Steve Lash//September 24, 2019
//September 24, 2019
A Baltimore jury on Tuesday awarded $25 million to a detention center inmate who sued the state of Maryland after he was savagely beaten in 2014 by gang members as prison guards looked on or away.
The multimillion-dollar award may be slashed to $200,000 under the Maryland Tort Claims Act. But Daquan Wallace’s lead attorney said he would fight any effort to impose the statutory cap due to the guards’ egregious disregard for Wallace’s safety and the grievous injuries that have since confined him to a wheelchair and rendered him unable to speak.
“I don’t think this (cap) is justice and I don’t think our courts of appeal will think that’s justice,” Cary J. Hansel said.
The Baltimore City Circuit Court jury deliberated for about two hours before finding the state liable for failing to protect Wallace from the violence, for engaging in policies or practices that violated Wallace’s rights under the Maryland Constitution and for negligently training or supervising its guards, according to the verdict sheet.
The jurors awarded Wallace damages for his pain and suffering in the amount of $15 million based on the state’s negligence and $10 million based on the state’s violation of his constitutional rights, the sheet stated.
In a statement, Hansel called the verdict “a cry for justice, not just for this family, but also for all victims of civil rights violations.”
The Maryland Attorney General’s Office said in a statement Tuesday afternoon that it was reviewing the decision.
According to Wallace’s lawsuit, Black Guerilla Family gang members pummeled Wallace in the Baltimore City Detention Center after he refused to join their ranks.
Nearby guards who had earlier placed Wallace near the gang members declined to intervene during the Dec. 18, 2014, attack, the complaint stated.
Wallace, who was 20 at the time and being held on a nonviolent criminal charge, is paralyzed in his right arm and right leg and has very limited movement in his left arm and left leg. He communicates primarily via text message, Hansel said.
In Wallace’s complaint, Hansel wrote that “the State of Maryland, the Department of Public Safety and Correctional Services, the Division of Pretrial Detention and Services, and the administrators thereof, were well aware of the atrociously violent acts taking place within the Detention Center based upon the numerous complaints, reports of misconduct, and internal investigations, yet failed to do anything about it.”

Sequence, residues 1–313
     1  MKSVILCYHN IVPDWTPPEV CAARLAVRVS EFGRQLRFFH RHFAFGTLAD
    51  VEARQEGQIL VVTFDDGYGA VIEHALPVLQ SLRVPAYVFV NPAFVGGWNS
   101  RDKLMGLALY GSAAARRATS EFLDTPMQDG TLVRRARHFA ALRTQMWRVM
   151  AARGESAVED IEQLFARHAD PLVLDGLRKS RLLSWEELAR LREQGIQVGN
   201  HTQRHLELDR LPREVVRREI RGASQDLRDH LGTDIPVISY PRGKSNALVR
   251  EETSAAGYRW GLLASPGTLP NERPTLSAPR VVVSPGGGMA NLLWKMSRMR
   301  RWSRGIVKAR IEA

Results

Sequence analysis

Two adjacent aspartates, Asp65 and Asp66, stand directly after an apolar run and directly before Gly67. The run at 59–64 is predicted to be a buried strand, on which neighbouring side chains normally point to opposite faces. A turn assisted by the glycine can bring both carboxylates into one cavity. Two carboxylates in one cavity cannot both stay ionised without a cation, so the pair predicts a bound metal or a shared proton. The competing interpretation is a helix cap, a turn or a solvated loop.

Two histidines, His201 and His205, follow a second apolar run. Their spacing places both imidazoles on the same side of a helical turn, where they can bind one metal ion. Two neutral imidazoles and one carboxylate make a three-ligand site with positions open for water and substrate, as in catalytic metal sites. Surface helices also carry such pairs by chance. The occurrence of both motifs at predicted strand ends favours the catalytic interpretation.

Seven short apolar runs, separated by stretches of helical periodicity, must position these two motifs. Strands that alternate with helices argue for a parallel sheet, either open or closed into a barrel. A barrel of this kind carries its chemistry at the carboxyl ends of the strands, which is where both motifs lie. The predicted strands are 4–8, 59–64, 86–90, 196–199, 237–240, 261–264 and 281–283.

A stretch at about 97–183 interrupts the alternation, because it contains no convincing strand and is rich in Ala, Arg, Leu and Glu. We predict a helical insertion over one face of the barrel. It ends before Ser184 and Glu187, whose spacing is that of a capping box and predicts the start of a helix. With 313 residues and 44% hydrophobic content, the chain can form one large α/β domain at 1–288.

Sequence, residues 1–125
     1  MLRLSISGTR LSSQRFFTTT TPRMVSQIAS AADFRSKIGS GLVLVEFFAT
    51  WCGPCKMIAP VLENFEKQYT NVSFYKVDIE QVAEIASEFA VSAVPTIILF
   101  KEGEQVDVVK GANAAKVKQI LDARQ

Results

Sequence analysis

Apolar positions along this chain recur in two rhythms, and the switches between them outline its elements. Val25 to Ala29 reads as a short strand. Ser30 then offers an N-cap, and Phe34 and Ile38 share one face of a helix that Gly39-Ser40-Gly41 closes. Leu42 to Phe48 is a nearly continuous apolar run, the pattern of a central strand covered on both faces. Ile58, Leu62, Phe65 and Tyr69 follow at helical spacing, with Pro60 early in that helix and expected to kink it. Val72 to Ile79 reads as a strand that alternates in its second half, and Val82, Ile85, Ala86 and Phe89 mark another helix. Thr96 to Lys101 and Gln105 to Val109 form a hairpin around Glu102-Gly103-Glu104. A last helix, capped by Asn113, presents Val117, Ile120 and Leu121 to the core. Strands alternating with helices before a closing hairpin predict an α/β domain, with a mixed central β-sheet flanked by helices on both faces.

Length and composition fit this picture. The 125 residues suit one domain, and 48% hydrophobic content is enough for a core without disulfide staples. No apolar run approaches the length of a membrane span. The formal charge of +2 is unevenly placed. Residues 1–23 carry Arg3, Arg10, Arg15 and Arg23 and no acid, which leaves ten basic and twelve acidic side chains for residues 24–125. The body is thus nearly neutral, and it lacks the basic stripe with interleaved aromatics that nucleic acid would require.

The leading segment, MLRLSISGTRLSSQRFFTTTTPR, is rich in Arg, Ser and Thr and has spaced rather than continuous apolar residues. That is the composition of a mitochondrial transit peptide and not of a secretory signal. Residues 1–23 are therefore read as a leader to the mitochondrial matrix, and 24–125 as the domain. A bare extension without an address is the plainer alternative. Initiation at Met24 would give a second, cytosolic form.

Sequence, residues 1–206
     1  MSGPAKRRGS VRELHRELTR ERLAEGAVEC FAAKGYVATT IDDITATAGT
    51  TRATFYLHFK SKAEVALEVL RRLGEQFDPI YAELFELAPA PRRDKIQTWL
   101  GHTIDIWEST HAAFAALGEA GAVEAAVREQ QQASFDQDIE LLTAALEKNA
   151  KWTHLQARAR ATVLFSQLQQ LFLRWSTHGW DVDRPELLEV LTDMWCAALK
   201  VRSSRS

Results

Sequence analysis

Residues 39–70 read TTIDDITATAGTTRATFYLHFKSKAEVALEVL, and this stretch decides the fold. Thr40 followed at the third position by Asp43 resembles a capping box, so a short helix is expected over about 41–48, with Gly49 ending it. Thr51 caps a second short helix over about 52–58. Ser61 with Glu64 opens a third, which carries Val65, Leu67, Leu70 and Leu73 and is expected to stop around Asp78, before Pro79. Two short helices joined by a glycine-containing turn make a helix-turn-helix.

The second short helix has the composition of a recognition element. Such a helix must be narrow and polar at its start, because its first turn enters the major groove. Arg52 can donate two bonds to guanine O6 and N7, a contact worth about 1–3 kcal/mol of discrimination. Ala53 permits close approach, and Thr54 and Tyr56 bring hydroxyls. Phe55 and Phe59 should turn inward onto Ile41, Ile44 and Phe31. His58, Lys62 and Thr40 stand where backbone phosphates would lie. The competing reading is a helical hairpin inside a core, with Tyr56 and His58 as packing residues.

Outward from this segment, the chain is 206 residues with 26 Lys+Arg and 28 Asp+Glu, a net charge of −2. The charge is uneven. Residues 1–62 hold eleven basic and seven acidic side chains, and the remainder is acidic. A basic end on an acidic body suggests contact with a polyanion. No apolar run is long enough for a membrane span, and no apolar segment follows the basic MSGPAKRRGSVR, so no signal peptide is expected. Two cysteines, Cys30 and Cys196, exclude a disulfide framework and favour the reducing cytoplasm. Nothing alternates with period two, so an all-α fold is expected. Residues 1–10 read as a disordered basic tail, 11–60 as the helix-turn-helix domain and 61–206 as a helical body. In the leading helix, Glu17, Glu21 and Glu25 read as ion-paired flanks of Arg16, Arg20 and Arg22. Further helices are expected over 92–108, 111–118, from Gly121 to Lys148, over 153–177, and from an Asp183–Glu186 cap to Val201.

Gov. Larry Hogan ordered the state-run facility closed in 2015, amid reports that a gang leader was running a drug operation with the help of guards.
“The final closure of this detention center removes a stain on the reputation of our state and Maryland’s correctional system,” Hogan said then in a statement to The Washington Post. “For years, corruption, criminal activity, and deplorable conditions have plagued this facility.”
Hansel, of Hansel Law P.C. in Baltimore, is also representing Wallace in his pending federal civil rights case against the individual guards in U.S. District Court. In that case, Wallace claims the guards, while acting under color of state law, denied him his right to due process and subjected him to cruel and unusual punishment in violation of Section 1983 of the 1871 Civil Rights Act.
Those federal claims would not be subject to Maryland’s damages cap.
The guards have denied the allegations.
Nicole Wallace et al. v. State of Maryland et al.
Court: Baltimore City Circuit Court
Case No.: 24-c-17-006410
Judge: Philip S. Jackson
Proceeding: Jury trial
Outcome: Verdict for plaintiffs ($25 million in non-economic damages)
Incident: Dec. 18, 2014
Suit filed: Dec. 15, 2017
Verdict: Sept. 24, 2019
Plaintiffs’ Attorney: Cary J. Hansel of Hansel Law P.C. and Larry Greenberg of Greenberg Law Offices in Baltimore
Defendants’ Attorneys: Assistant Maryland Attorneys General Laura Mullally and Michelle Wilson